If you watch closely in many Civil War movies, you’ll notice soldiers solemnly pinning pieces of paper or fabric to their clothes before a battle. Some marked their uniforms with stencils, and others carved their names into pieces of wood that they wore around their necks.
Despite these efforts, historians estimate that half of the troops lost in the Civil War (1861-1865) were unaccounted for or marked as “unknown.” Of the more than 17,000 soldiers buried in Vicksburg National Cemetery, the largest Union cemetery, nearly 13,000 graves are marked this way.
As the nation grieved, the concept of a military identification disc or metal name tag caught on.
In 1899, Army Chaplain Charles C. Pierce recommended that the U.S. Army uniform include circular identification disks. His plan went into effect seven years later when the Army issued half-dollar-sized metal tags etched with a soldier’s name, rank, company, and regiment or corps. The men wore their tags around their necks on a cord or chain tucked inside their uniforms.
In July 1916, a second disc was suspended from the first one with a short string or chain. The idea was that one tag would remain with the body while the other was removed for record-keeping and burial.
The Navy added I.D. tags a year later as the U.S. entered World War I. The Navy name tags had “U.S.N.” etched on them and included the date of birth and enlistment. The back of the Navy tags also featured an etched print of the sailor’s right index finger on the back as a safeguard against accident or misuse. (The Navy dropped the fingerprint from its tags during World War II.)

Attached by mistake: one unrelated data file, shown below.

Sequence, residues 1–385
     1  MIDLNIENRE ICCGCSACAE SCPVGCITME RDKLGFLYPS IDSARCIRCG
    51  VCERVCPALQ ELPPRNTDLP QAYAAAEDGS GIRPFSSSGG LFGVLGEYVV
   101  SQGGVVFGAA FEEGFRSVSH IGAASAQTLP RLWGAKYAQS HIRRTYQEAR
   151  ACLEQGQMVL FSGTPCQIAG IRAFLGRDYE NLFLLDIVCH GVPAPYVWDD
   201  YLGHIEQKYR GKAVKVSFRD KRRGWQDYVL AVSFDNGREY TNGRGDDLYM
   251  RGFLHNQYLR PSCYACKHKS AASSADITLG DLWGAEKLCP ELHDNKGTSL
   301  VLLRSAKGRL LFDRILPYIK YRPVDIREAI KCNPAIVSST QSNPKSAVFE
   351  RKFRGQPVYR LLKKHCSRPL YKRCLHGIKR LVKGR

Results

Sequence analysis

The Marines also issued I.D. tags in World War I; these tags were a combination of the Army and Navy styles.
Historians note that I.D. tags weren’t used in the years between the two world wars but were reinstated in May 1941 with one big change – the use of mechanical stamping.
Military I.D. tags are now considered an official part of the uniform. The modern tag is a rounded cornered rectangle made of a nickel-copper alloy that contains a person’s name, rank, service number, blood type, and religion (if desired).
Even though there are more advanced means of identifying a body – such as D.N.A. testing — these so-called dog tags have become part of the culture.
But why are they called “dog tags?” The obvious answer is that the tags look like the metal disks we place on dog collars to identify our pets. Some accounts say the nickname took hold during World War II when draftees complained of being treated like dogs.
Army Historical Foundation records describe newspaper magnate William Randolph Hearst as another possible source. In 1936, in response to a rumor that the newly-formed Social Security Administration was going to distribute personal identification name tags to Americans, Hearst denounced them as “dog tags.”
No matter how the nickname took hold, these military name tags appear to be here to stay.